First, the good news... as far as seating and controls, at least for lower tech levels, wings vs. wingless probably won't make much difference.
There have been some other questions regarding seat design for species with tails or other unusual body plans before, but those were generally for bipeds.
Your real issue is that quadrupeds aren't as adept at manipulating things as bipeds. In fact, depending on how they move, they may have very limited sideways mobility of the forelimbs compared to humans, which suggests that human-style steering wheels are not going to be usable. They may still develop rack-and-pinion steering, but they will likely need more gear linkages. The best I can envision offhand is a sort of bicycle-like crank operated with one forepaw. The other foreleg is going to be needed to operate the throttle and brakes, but fortunately these don't need to change as much from human design. Note that this means that power steering (and later, steer-by-wire) is going to be really important. In fact, steer-by-wire may cause a complete redesign of vehicle controls.
But let's skip ahead to seating for a moment. The simple solution is that they sit on their haunches like many quadrupeds do, and lean forward on something so that their forelimbs can be used for manipulation rather than keeping themselves upright. This will become especially important when crash mitigation starts to matter, although there's a little unexpected bonus here; being supported in the direction of forces is preferable. If not for the little niggling issue of wanting to see where we're going, we humans would actually be safer in rear-facing seats.
However, this only gives them use of two limbs, and in the early days of slow vehicles (and before suspension is developed!), I suspect they might actually prefer to hang from suspended harnesses. With some sort of elastic material, the "seat" can be cushioned against a rough ride even if the vehicle as a whole isn't. This would allow them to also use their hind legs to control the vehicle.
Fast forwarding to "modern" day, I can imagine something like this: A dragon walks up to his vehicle and the automatic door opens when he taps a sensor on the running board (or waves his paw under such a sensor). He climbs in head first and rears up in order to settle himself on the mostly upright couch, which supports him at the waist, sternum, and under his haunches. (More support is better, but his chest needs some room to expand when he breathes.) Automated restraints wrap over his back (because he can't reach!) to secure him in place for safety. His hind paws locate control pedals while he places his fore paws on the steering yoke. He moves one foreleg sideways a bit to press the starter button, then puts the paw on the adjacent shifter and shifts to 'drive'. A press with a hind paw on the throttle starts the vehicle moving, and a gentle pressure on the steering yoke causes it to turn.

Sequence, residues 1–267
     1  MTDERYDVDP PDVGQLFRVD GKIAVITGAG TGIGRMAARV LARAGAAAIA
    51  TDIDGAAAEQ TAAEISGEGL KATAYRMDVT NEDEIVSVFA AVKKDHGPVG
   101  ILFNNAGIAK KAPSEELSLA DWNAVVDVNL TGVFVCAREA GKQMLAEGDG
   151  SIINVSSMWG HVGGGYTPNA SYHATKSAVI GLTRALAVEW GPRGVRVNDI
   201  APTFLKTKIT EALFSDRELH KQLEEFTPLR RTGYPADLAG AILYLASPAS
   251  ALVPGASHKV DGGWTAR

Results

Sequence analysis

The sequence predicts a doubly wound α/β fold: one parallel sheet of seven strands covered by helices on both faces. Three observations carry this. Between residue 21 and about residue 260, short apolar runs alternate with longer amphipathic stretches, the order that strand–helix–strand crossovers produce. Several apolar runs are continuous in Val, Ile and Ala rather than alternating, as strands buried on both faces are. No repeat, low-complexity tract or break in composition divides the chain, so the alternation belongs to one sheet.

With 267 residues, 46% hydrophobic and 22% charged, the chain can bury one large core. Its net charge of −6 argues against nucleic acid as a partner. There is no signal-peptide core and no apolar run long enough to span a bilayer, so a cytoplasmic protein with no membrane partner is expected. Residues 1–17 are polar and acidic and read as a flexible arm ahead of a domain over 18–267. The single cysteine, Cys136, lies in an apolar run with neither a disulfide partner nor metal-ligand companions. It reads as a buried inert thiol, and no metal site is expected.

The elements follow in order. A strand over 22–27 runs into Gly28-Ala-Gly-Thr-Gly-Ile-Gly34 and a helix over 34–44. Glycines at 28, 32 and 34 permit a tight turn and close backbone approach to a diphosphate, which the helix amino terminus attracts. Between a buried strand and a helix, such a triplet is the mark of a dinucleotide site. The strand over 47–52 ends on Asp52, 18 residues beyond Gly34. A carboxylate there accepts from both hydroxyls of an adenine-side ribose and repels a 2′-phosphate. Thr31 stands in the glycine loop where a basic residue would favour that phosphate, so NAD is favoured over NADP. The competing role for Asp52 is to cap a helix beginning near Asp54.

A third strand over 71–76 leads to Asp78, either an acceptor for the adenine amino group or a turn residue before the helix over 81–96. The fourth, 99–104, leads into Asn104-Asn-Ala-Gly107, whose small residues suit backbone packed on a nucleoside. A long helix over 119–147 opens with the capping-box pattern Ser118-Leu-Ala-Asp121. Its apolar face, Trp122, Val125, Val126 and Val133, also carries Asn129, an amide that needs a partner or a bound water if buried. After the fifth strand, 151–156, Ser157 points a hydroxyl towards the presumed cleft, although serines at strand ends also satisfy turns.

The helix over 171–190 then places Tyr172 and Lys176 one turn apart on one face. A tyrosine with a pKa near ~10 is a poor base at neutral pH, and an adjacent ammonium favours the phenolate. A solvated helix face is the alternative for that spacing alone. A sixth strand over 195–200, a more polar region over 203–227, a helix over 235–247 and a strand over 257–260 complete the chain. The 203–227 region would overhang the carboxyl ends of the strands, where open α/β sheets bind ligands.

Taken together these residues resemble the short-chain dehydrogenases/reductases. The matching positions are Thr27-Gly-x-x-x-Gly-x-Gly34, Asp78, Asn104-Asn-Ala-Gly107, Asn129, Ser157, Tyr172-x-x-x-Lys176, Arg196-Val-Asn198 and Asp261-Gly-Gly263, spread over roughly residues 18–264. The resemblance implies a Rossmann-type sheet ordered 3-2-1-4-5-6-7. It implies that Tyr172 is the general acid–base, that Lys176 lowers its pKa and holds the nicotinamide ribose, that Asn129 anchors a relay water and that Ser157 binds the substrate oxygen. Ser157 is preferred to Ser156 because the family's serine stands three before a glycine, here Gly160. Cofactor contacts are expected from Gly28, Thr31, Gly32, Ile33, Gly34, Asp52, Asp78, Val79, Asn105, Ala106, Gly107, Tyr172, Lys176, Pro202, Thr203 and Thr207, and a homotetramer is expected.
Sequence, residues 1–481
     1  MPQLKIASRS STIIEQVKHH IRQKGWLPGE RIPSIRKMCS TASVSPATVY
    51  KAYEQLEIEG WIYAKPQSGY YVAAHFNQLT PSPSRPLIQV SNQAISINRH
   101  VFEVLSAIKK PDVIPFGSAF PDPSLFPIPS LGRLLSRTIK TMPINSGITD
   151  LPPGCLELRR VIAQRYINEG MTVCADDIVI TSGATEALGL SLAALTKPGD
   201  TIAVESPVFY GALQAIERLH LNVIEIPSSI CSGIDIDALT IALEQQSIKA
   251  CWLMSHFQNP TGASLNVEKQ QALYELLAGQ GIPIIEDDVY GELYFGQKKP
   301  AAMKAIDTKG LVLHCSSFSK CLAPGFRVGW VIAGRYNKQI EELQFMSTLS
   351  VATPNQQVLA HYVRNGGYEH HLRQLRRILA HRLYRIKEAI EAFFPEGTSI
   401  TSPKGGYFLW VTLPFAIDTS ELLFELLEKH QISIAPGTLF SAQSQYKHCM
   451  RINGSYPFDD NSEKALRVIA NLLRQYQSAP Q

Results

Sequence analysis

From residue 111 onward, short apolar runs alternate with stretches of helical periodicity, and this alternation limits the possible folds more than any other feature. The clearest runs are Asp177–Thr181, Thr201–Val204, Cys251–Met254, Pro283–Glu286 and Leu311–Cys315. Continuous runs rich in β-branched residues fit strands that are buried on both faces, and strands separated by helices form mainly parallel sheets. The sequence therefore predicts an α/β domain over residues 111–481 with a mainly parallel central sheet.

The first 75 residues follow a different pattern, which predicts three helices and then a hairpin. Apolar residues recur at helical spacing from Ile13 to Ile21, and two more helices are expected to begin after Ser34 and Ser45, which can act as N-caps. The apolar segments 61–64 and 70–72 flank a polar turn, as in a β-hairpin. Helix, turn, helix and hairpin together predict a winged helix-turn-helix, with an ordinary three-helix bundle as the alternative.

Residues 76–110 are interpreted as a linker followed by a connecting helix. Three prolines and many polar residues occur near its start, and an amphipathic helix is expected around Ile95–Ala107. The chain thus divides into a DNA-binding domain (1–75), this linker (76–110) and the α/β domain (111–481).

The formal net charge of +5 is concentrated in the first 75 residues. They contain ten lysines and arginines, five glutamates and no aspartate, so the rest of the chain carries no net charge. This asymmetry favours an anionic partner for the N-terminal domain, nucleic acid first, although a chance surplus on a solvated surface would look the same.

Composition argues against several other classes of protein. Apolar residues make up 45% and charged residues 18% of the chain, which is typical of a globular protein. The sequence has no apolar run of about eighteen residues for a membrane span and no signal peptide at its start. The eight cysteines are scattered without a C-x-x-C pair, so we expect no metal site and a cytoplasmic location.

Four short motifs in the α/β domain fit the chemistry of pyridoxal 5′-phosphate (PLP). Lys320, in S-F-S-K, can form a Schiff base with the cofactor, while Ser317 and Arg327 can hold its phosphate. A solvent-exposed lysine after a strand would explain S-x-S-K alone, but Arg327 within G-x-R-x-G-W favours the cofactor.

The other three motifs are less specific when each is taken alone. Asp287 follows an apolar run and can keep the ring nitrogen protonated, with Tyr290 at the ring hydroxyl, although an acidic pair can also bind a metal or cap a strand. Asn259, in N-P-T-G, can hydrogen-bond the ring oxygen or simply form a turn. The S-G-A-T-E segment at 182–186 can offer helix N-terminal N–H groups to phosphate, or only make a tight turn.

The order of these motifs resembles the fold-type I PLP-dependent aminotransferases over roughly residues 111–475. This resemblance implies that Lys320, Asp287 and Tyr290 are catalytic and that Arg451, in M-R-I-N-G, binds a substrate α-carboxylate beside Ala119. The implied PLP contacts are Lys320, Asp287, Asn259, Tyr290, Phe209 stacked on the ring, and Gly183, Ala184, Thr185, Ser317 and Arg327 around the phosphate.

You could swap the steering and throttle/brakes (more like an airplane); the key points are:
- His body is supported in a way that lets him use all four legs to control the vehicle.
- The seat needs to blend support against gravity with support in case of an accident. A horizontal seat is more comfortable, but all the forces in an impact will be transmitted to the shoulders. A vertical seat is best in an accident, but needs to support the occupant's thighs (much like a human chair does). At least for vehicles, think of their seats working like a human sitting on a chair backwards.
- The steering is almost surely steer-by-wire, requiring only minimal movement. (For a yoke, I'd guess no more than ±45°, if that.) You could use either set of limbs for this, or even the tail. (Using the tail would be much harder before steer-by-wire is developed, but afterward, would be a really cool and probably more natural way to control a vehicle. This might leave their forepaws entirely free to work other controls.)
- Auxiliary controls need to be in easy reach. Remember, depending how you design them, quadrupeds may not be able to reach behind themselves or to the sides very easily, if at all.
Once you do have all-electronic controls, you have the possibility of using the wings as an additional means of control. The issues here are that wings may be delicate (best in an accident if they are tucked in rather than extended) and figuring out how to build an interface for them may be tricky. (Plus, only half your dragons could use such controls.)
One caveat: I think their bicycles would have to be something of a cross between bicycle and skateboard, i.e. the front steering mechanism also needs to be load-bearing. Alternatively, the might have vehicles that are more like open-framed cars, in which the rider is suspended.